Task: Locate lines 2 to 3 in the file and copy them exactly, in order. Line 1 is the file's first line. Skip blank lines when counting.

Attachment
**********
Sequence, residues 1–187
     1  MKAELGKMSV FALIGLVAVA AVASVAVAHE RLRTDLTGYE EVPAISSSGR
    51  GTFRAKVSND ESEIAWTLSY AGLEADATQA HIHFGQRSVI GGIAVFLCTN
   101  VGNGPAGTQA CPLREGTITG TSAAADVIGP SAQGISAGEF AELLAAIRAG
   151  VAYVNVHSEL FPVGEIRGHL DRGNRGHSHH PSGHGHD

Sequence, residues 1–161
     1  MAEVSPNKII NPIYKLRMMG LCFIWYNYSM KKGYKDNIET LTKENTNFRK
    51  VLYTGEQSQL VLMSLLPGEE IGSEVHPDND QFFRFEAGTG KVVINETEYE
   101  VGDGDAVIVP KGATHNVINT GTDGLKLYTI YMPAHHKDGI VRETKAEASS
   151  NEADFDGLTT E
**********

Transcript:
     1  MKAELGKMSV FALIGLVAVA AVASVAVAHE RLRTDLTGYE EVPAISSSGR
    51  GTFRAKVSND ESEIAWTLSY AGLEADATQA HIHFGQRSVI GGIAVFLCTN